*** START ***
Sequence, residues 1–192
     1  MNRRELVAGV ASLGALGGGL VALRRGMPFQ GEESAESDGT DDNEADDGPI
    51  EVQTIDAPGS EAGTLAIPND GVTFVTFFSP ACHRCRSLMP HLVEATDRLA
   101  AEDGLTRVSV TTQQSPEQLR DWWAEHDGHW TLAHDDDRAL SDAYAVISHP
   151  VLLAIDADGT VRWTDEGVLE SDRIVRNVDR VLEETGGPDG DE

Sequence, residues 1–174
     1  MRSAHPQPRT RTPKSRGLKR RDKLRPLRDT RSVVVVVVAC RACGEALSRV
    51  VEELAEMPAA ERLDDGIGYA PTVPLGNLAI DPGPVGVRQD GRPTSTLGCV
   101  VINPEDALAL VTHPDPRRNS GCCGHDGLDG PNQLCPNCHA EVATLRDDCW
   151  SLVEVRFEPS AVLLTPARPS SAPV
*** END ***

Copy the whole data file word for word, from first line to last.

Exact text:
Sequence, residues 1–192
     1  MNRRELVAGV ASLGALGGGL VALRRGMPFQ GEESAESDGT DDNEADDGPI
    51  EVQTIDAPGS EAGTLAIPND GVTFVTFFSP ACHRCRSLMP HLVEATDRLA
   101  AEDGLTRVSV TTQQSPEQLR DWWAEHDGHW TLAHDDDRAL SDAYAVISHP
   151  VLLAIDADGT VRWTDEGVLE SDRIVRNVDR VLEETGGPDG DE

Sequence, residues 1–174
     1  MRSAHPQPRT RTPKSRGLKR RDKLRPLRDT RSVVVVVVAC RACGEALSRV
    51  VEELAEMPAA ERLDDGIGYA PTVPLGNLAI DPGPVGVRQD GRPTSTLGCV
   101  VINPEDALAL VTHPDPRRNS GCCGHDGLDG PNQLCPNCHA EVATLRDDCW
   151  SLVEVRFEPS AVLLTPARPS SAPV